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Allen Severson Wildlife Area
 

Arlington Wildlife AreaThe Allen Severson Memorial Wildlife Area was created in cooperation with the Forest Service, City of Show Low and the Department. Allen Severson consists of two small artificial marshes including Pintail Lake and South Marsh. Pintail consists of 3 ponds with 14 nesting islands, while South Marsh is a resting and feeding area. Pintail Lake contains 50 acres of water within a fenced area of 250 acres, which South Marsh fluctuates from 15 to 50 acres of flooded meadow. The marsh complex is supplied with secondary treated effluent from the City of Show Low. Pintail Lake was developed in 1979 as the first waterfowl march utilizing treated waste water in Arizona.

Pintail Lake was developed in 1979 as the first waterfowl march utilizing treated waste water in Arizona.

 
Recreational Opportunities:

Recreational opportunities include promoting environmental education, and recreational pursuits like hunting and wildlife viewing.



Location:

Allen Severson is located 4.5 miles north of Show Low, in Navajo County.

 
Wildlife Viewing:

A paved foot path extends from the parking lot approximately 250 yards to a concrete wildlife viewing blind. Interpretive signs can be found along the path and inside the blind.

Plants:

The uplands are primarily composed of pinyon-juniper woodland. Paper-spined cactus occurs in the area.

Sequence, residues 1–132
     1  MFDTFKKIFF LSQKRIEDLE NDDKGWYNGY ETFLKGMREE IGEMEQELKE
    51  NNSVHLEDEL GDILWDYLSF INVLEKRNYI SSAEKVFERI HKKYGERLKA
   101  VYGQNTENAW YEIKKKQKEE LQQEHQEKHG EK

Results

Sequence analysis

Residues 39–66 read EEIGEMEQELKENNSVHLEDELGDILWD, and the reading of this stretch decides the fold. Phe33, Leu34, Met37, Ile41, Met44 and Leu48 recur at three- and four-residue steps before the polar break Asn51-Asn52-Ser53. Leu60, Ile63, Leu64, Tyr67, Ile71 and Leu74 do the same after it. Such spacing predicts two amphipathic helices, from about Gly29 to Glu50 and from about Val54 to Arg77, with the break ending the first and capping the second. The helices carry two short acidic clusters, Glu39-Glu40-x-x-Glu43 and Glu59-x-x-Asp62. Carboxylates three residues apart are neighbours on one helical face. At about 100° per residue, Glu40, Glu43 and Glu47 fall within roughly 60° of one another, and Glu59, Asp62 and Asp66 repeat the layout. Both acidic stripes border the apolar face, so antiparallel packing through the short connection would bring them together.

Birds:

The marsh attracts many species of waterfowl, with several hundred utilizing the area during the spring migration period. Other birds commonly seen or heard in the spring and summer include Virginia rail, Sora, yellow-winged blackbirds and American coots. Peregrine falcons often are observed in the spring pursuing ducks.

Mammals:

Common mammals in the area include elk, mule deer and pronghorn.

Management:

Allen Severson management emphasis is to maintain a marsh ecosystem utilizing treated effluent, primarily for nesting, feeding and resting of waterfowl and other wetland and riparian associated birds and terrestrial wildlife species. Emphasis is also placed on providing hunting and educational opportunities for the public. Future management will focus upon water quality and expansion of flows to reach full marsh capacity.

 
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